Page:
|Posted by Ross and Gael Ramsay on January 2, 2018 at 6:45 AM|
Of late there has been a shift in the study of early English and American ceramics, in that science is being used in a more routine manner to answer questions about attribution, dating, raw materials, and kiln-firing techniques. One such example is the work of Jay, Cashion, and Blenkinship (2015) in regard to Lancaster delftware and the recognition of the use of Carrickfergus magnesian clay in that ceramic body. Another example is the work by Owen and Hanley (2017) in the recreation of Bartlam porcelain. Such approaches have not been common for
much of the 20th C despite very early contributions by Simeon Shaw, Sir Arthur Church, and Eccles and Rackham. This account argues that to understand the development of early English porcelains one has to give consideration to porcelain composition and when this is done the inescapable conclusion that one comes to is the recognition as to the indigenous genius of early English scientists and materials scientists. Unfortunately a constant feature through much investigation and research into English porcelains during the 20th C is reflected in a rephrasing of Pawson and Brooking (2002, p. 5),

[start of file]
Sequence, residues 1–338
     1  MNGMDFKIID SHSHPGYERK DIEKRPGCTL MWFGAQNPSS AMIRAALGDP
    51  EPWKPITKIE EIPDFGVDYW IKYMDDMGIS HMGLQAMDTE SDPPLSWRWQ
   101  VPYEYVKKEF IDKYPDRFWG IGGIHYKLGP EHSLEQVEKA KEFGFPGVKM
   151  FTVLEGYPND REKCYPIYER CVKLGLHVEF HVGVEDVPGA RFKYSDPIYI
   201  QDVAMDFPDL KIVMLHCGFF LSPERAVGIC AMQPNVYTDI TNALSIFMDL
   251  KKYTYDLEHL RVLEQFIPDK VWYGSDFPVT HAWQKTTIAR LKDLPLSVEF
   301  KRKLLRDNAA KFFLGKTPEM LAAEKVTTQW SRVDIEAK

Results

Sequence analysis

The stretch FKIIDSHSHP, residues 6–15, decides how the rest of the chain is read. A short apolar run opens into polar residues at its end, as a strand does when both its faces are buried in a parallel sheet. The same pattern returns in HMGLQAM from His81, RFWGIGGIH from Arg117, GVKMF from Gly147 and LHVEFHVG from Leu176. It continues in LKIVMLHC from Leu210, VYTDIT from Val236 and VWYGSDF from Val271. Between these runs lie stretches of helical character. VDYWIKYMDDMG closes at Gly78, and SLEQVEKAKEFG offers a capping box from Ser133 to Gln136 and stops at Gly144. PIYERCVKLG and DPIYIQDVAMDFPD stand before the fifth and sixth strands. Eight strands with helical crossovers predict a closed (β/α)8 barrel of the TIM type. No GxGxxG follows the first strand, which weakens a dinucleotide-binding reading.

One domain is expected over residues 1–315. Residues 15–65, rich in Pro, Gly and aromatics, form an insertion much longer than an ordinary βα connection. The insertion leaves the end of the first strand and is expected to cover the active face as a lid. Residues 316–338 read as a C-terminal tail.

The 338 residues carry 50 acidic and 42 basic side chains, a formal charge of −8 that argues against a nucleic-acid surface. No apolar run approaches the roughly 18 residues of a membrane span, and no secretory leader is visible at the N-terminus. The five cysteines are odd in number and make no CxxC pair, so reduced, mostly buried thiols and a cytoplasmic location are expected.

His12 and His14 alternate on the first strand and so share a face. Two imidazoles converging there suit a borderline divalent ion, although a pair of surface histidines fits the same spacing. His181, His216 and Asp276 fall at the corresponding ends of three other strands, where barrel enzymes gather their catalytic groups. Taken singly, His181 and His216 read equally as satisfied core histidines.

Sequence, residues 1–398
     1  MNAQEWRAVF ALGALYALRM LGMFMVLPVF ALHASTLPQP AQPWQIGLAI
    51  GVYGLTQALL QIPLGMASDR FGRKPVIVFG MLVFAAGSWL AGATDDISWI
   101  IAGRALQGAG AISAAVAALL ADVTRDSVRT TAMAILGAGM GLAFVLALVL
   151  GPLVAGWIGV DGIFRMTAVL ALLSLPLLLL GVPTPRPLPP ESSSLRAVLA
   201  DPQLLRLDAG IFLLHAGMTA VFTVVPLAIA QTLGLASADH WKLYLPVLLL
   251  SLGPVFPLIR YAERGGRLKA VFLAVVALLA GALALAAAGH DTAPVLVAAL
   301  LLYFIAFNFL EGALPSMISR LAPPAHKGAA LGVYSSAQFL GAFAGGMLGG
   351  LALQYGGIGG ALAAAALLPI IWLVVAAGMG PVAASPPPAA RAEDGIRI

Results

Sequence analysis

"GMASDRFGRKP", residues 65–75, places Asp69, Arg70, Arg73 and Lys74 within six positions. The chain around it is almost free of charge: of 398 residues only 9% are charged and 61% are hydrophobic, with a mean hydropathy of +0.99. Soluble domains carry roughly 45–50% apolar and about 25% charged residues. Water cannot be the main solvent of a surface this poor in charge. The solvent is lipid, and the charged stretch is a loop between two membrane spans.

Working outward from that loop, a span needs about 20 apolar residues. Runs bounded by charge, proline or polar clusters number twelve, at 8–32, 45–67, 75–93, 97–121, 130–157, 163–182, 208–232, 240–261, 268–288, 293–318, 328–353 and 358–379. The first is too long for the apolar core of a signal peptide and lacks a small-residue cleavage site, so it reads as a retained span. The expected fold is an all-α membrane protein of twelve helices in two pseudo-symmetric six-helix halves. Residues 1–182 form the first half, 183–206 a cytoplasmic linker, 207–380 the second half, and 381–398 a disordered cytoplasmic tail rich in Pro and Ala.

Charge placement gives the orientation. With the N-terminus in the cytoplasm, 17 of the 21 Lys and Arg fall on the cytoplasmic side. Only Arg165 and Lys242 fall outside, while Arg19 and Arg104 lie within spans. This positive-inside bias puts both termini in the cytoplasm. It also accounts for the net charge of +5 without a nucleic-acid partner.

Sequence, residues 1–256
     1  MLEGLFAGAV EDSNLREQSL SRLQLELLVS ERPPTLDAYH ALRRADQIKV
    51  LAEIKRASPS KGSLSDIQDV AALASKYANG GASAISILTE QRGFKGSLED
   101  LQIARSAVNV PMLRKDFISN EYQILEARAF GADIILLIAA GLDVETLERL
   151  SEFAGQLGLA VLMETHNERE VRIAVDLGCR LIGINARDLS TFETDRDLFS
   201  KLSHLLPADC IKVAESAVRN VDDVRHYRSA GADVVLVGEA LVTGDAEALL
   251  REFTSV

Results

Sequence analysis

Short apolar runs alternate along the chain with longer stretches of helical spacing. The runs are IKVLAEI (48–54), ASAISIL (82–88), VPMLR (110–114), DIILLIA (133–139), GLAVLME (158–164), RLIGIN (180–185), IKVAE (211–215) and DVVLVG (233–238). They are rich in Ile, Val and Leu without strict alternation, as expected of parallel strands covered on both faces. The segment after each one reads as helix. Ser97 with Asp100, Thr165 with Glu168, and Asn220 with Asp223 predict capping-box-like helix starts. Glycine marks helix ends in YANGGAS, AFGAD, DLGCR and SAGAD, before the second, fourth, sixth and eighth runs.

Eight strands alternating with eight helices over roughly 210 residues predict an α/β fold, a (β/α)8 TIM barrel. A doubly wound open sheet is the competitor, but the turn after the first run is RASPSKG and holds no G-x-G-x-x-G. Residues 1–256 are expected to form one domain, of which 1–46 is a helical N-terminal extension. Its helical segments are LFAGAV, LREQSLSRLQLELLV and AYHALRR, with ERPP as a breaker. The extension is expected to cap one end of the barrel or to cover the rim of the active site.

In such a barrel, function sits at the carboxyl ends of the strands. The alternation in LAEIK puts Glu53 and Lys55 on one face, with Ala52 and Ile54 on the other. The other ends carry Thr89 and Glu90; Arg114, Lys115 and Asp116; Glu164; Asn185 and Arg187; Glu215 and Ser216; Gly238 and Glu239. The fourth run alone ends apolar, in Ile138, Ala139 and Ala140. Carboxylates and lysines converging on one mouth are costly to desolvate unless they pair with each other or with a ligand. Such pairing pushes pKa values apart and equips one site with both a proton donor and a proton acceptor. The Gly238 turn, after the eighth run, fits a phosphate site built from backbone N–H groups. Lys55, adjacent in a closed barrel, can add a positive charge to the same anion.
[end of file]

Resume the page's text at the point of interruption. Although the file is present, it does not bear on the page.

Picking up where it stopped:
It has not been seen of sufficient interest when a belief in the separation of form, decorative idioms, and the shade of grey observed in the glaze; from materials science, composition, and even contemporary documents renders the former central to the enquiry and the latter unproblematic.
Based on historical documents and porcelain composition we claim that the early English ceramicists hold a highly significant position in the development of porcelains in the Western world and that arguably John Dwight is the father of a high-fired, refractory ceramic porcelain body or more correctly, bodies. We also contend that Bow and its contribution has been greatly underestimated. Based on our analytical work, we argue that a wide range of English porcelain bodies were being trialled and produced in London by the early to mid 1740's and that concern had to have been Bow.
Categories: Important Discoveries